One-sheet poster for Star Wars, Tom Jung, illustrator, released in May, 1977.
 
Star Wars on Wikipedia
Star Wars on the Internet Movie Database
 
Star Wars Characters
Footprinting Ceremony held on Wednesday, August 3, 1977
 
Opened Nationwide on Wednesday, May 25, 1977 on 32 screens.
 
The buzz about Star Wars had been building for months since the release of its sensational trailer. When the film opened at Mann's Chinese in Hollywood in all of its 70mm Dolby Stereo glory, audiences went nuts, embracing all of the characters to the point where they quickly formed a new American mythology.

Star Wars had been booked for a four-week run at the theatre, so fans had to wait while Sorcerer hogged the screen for six weeks. Fans contented themselves with seeing the film out in Century City, but it just wasn't the same. The Chinese and Star Wars were a perfect match.

When the film returned at the beginning of August, a huge crowd turned out to see R2D2, Darth Vader and C3PO make their marks in the Forecourt.

With the passage of time, people have come to realise that there were actors playing each of these characters. Only Anthony Daniels, who played C3PO, signed his own name on the block. We are pleased to include their bios to our Forecourt pages.
 
 
Caption TK.
Kenny Baker as R2D2 in Star Wars, released in May, 1977, and Kenny Baker, circa 2000.
 
Kenny Baker on Wikipedia
Kenny Baker on the Internet Movie Database
 
R2D2 (Kenny Baker)
 
Born: August 24, 1934, in Birmingham, England
Age at the time of the ceremony: 44
Died: August 13, Preston, Lancashire, England, age 81

 
Kenny Baker was born with dwarfism in Birmingham, England to full-sized parents, Ethel, a dressmaker, and Harold, an artist and musician. His parents sent Kenny to boarding school in Kent, then divorced. He went to live with his father and his new wife in Hastings, Sussex.

At the age of 17, Baker was standing on the street when a woman asked of he would like to join a theatre troupe of little people. Kenny enjoyed his first taste of showbiz, later joining a circus, where he learned to ice skate. He appeared in many ice shows after that. He eventually formed a comedy nightclub act with short statured Jack Purvis; an act they called the "Minitones."

Baker had appeared in a few films, including playing Dopey in a television version of Snow White and the Seven Dwarfs, aired over BBC, in January, 1966. He was not particularly impressed when he was offered the job of operating R2D2 in Star Wars, initially turning it down. After reconsidering, he enjoyed working on the film. While working on the children's film Wombling Free (released in December, 1978), Baker met fellow acting dwarf Eileen . They married shortly after the film wrapped. Their two children are full-sized.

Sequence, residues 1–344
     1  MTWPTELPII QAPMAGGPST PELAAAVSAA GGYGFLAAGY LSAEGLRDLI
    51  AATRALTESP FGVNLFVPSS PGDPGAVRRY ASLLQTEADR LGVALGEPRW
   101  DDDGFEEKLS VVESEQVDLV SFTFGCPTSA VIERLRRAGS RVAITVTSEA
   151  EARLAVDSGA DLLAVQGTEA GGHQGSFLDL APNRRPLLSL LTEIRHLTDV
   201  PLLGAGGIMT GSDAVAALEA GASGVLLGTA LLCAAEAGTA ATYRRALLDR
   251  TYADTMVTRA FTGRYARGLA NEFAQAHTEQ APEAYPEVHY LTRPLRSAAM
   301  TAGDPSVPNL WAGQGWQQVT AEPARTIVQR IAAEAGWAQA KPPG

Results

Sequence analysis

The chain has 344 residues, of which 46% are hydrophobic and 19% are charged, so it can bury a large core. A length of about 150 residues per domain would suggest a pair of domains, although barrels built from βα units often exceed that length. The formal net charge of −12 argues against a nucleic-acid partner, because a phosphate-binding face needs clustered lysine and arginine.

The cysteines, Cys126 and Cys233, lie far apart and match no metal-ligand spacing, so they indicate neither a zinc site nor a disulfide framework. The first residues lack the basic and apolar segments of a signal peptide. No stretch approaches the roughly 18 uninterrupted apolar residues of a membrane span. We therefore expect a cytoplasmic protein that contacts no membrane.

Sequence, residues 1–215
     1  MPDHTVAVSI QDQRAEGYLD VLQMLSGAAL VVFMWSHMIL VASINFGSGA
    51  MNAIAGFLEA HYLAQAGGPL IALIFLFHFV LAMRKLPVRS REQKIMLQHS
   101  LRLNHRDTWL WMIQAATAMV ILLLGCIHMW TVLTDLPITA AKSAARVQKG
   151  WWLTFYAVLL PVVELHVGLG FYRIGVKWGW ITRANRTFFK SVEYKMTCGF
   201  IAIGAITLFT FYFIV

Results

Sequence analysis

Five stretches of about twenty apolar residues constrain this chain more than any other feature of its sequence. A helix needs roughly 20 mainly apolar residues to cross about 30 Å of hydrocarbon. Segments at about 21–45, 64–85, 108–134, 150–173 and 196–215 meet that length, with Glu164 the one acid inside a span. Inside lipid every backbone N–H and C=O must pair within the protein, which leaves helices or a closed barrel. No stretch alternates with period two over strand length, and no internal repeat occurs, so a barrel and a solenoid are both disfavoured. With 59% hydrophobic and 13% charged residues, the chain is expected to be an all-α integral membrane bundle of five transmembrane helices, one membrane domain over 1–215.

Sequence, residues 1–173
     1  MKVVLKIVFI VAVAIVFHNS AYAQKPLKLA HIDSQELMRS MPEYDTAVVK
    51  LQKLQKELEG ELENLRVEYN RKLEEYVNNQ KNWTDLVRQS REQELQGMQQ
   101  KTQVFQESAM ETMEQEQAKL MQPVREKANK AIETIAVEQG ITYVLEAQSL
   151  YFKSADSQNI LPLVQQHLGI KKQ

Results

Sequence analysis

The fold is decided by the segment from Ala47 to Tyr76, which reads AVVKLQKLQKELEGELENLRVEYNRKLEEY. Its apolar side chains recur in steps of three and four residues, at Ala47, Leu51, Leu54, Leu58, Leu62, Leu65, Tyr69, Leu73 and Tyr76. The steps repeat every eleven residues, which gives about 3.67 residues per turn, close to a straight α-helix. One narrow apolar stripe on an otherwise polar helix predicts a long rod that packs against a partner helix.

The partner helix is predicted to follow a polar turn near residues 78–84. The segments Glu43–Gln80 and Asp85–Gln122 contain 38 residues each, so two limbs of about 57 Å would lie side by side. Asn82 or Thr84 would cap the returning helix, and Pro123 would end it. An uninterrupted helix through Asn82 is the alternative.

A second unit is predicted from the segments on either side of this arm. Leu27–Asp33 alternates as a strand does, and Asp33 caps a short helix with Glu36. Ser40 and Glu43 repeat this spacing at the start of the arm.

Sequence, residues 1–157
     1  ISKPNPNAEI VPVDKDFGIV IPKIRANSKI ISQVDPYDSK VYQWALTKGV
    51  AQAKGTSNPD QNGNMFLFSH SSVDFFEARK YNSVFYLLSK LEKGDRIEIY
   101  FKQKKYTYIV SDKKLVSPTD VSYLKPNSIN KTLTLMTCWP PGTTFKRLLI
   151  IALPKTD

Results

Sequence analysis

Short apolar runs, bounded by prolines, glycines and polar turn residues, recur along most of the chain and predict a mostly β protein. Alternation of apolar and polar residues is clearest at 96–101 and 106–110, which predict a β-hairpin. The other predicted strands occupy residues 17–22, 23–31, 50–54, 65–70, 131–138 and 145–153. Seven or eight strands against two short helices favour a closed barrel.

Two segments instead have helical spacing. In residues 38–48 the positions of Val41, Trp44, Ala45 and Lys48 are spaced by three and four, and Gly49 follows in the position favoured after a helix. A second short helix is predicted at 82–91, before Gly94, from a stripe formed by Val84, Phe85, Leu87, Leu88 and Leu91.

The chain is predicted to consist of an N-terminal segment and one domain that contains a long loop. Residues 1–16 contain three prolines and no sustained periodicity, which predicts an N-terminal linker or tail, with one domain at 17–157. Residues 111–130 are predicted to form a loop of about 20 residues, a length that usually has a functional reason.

After playing R2D2 in The Empire Strikes Back (released in June, 1980), Baker took the part of the Plumed Dwarf in The Elephant Man (released in October, 1980) with John Hurt, and played Figit in director Terry Gilliam's Time Bandits (released in November, 1981).

Baker returned to his R2D2 costume for Return of the Jedi (released in May, 1983), and appeared in Amadeus (released in September, 1984), and was in the ensemble of Willow (released in May, 1988).

Baker kept moderately busy in television during the long wait until Star Wars: Episode I - The Phantom Meanace (which played the Chinese in May, 1999), Star Wars: Episode II - Attack of the Clones (played the Chinese in May, 2002), and Star Wars: Episode III - Revenge of the Sith (released in May, 2005).

In poor health, Baker was to perform R2D2 in Star Wars: The Force Awakens, (which played the Chinese in December, 2015), but served as consultant instead. He could not attend the film's premiere in Los Angeles; he attended in London. His last film was When the Devil Rides Out. He passed away in August, 2016, just eleven days before his 82 birthday.
 
 
Mann's Chinese Theatre, Hollywood California. Star Wars Characters Forecourt ceremony, Wednesday, August 3, 1977. Kenny Baker as R2D2 is lifted into the cement by a squad of unidentified assisstants.
David Prowse as Darth Vader in Star Wars, released in May, 1977: David Prowse during filming.
 
David Prowse on Wikipedia
David Prowse on the Internet Movie Database
 
Darth Vader (David Prowse)
 
Born: July 1, 1935, in Bristol, England
Age at the time of the ceremony: 43
 
David Prowse grew up in Bristol, where he won a scholarship to attend Bristol Grammer School. Tall, he developed an interest in bodybuilding, earning his spending money as a bouncer, and a swimming pool attendant.

Prowse won the British heavyweight weightlifting championship in 1962. The following year he relocated to work at a weightlifting company in London. He made his first film, then appeared as Frankenstein's Creature in Casino Royale (released in April, 1967). Somehow, he got a guest shot on The Beverly Hillbillies, aired over CBS in October, 1968.